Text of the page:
October 18, 2016
The recent opening of the ParkLake Shopping Center– a 70 000 square meter mall situated in the middle of a residential area in Bucharest – may seem to have an unlikely benefactor: the Romanian film industry. For ParkLake, which is being marketed as a place for “meeting nature” and thus builds on the same marketing lie through which Eastern Europeans all around are being cheated of genuine public areas, not only houses more than 200 shops, several outdoor tennis courts and an ice skating ring, but is also home to a Cinema City multiplex with fourteen screens. Since post-New Wave directors have begun producing a domestic strand of commercial filmmaking, those screens constitute real venues for Romanian films rather than just bloating box-office statistics (the 16 percent increase in big screens in 2015, e.g., was largely due to CinemaCity’s opening five multiplexes that year). In the week of October 17th-23rd, one can go to see three different Romanian films in the ParkLake Shopping Center: Bogdan Mirica’s Dogs, Iulia Rugina’s #Selfie69 and Paul Negoescu’s Two Lottery Tickets. The two latter in particular are exemplary for the commercial trend among young Romanian directors. While some youngsters have followed in the footsteps of the big four (Cristian Mungiu, Radu Muntean, Corneliu Porumboiu and Cristi Puiu) – in Mirica’s case, with a more mass-friendly, action-driven touch -, others have successfully sought more obvious ways of reaching domestic audiences, not shying away from the usual success formulas of mainstream filmmaking like lighthearted comedy and the star system (insofar as there is one). The trailers for #Selfie69 and its precursor #Selfie, for instance, have all the ingredients of an American college movie: crazy parties, freshwater sexual encounters, awkward conversations with mum, and run-ins with the law. That Mungiu & Co. are protégés of the national film fund, whereas the box-office-oriented directors produce most of their films independently (thus being backed by innovative marketing campaigns), is no coincidence. Romania’s film industry reveals a larger socio-economic transition from public to private that must be acknowledged if one is to properly assess the recent surge in box-office numbers. For though the increase in admissions for Romanian films has been considerable, this has partly been due to popcorn-laden spending oases and lubricious films. Like all of Romania’s serious woes, the country’s lack of a film theater infrastructure is a problem that won’t be removed by building more malls.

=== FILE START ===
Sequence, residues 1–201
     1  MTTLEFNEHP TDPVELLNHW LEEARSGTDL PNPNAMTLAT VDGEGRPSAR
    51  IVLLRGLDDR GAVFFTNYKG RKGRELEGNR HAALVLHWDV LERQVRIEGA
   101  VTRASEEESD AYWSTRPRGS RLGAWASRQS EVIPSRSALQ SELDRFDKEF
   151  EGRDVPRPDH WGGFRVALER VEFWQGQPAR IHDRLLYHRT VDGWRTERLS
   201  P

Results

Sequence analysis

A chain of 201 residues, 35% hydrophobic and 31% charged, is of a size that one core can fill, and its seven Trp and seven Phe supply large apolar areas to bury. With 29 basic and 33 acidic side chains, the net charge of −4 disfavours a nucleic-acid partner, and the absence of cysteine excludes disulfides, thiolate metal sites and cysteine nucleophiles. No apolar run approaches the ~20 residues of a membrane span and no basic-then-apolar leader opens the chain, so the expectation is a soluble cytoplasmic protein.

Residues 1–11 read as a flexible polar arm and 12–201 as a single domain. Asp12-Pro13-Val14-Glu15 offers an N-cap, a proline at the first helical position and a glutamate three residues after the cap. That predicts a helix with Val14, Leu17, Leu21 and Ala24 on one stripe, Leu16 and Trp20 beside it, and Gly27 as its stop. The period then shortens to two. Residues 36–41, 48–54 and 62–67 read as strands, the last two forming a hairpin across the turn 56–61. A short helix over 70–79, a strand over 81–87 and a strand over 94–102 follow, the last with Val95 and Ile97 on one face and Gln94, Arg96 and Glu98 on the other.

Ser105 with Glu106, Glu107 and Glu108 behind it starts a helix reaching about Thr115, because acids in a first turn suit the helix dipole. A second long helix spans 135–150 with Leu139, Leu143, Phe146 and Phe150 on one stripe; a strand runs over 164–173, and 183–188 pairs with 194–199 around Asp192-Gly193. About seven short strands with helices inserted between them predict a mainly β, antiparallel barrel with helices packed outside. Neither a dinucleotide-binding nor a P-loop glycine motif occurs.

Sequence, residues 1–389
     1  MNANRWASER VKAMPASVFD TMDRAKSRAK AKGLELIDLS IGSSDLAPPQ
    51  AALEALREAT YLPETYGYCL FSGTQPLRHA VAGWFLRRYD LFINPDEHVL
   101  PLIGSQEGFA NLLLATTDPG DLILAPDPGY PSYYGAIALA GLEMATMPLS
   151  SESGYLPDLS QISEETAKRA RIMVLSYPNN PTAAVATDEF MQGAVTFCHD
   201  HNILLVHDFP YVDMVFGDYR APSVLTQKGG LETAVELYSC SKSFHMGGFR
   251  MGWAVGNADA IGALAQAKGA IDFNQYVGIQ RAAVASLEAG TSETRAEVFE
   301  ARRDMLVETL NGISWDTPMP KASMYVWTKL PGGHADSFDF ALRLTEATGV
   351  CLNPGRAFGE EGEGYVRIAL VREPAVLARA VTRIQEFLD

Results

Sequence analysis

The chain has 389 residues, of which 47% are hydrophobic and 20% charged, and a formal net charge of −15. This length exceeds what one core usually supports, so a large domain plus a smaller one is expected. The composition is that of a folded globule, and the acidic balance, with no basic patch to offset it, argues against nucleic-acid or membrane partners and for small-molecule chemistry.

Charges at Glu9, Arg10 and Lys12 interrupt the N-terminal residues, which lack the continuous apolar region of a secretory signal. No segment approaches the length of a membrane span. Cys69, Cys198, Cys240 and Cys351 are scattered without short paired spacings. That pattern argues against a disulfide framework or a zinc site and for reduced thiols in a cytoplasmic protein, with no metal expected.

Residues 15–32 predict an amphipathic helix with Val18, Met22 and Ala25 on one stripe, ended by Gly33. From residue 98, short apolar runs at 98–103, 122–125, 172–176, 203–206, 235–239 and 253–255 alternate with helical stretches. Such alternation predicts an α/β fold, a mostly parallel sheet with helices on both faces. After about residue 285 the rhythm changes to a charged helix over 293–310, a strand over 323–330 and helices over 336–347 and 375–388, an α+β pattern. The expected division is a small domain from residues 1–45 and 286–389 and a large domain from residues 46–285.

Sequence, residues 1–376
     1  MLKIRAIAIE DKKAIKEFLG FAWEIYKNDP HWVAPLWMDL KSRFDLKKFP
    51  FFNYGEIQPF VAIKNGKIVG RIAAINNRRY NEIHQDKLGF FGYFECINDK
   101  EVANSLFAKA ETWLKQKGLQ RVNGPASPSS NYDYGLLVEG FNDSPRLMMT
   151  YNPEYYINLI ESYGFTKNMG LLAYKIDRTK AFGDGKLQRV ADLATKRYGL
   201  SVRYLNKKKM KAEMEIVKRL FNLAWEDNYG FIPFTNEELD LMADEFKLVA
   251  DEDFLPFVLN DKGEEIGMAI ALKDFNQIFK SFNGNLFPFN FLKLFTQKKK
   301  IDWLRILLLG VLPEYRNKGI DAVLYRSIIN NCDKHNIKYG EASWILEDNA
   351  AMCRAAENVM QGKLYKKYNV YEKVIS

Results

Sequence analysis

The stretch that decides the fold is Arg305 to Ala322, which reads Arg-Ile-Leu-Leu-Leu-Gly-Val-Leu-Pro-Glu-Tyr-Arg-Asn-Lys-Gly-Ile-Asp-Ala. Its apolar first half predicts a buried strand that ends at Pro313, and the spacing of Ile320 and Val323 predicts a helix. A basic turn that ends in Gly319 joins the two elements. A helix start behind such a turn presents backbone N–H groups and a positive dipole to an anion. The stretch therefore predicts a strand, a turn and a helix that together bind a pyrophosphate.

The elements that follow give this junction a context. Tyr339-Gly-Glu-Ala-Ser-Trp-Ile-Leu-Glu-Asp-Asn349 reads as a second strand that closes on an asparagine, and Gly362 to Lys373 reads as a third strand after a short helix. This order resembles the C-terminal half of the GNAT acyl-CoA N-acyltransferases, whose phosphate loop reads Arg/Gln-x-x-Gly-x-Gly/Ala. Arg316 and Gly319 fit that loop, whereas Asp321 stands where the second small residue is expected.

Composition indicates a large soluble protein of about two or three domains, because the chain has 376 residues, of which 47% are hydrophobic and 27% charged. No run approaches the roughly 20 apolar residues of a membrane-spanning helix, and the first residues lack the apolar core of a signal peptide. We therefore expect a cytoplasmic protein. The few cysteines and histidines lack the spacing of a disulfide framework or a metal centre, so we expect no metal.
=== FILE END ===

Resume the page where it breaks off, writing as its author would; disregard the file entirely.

This month’s issue again features coverage of two major film festivals. Zoe Aiano was at the BFI London Film Festival, where she saw Emir Kusturica’s latest gaffer featuring himself alongside Monica Bellucci, and a Czech horror film that gets entangled in awkward moralizing. Meanwhile, Jack Page reported live from the Warsaw Film Festival, reviewing the latest coup of the Sasnals, in which they adopt the perspective of a racist misanthrope. Also from Warsaw are our reviews of Playground, a controversial film about child delinquents, Park, a documentary about the generation that will have to stem the consequences of the Greek economic crisis, and Mother, the portrait of a small town in Estonia that is shook by a murder.
Our festival coverage is joined by a review of Ryszard Bugajski’s Interrogation, which was shot in the early 80s but banned for nearly a decade for its open depiction of Stalinism in Poland. Paulina Duda, who submitted the film’s review, also spoke to Bugajski, who looked back at his long career, and spoke about differences between the Polish film industry and the Hollywood system. Finally, Isabelle de Pommereau recounts the history of Martti Helde’s WWII drama In the Crosswind, which joins the long list of Baltic films dwelling on the region’s troubled past.
We hope you enjoy our reads.
Konstanty Kuzma & Moritz Pfeifer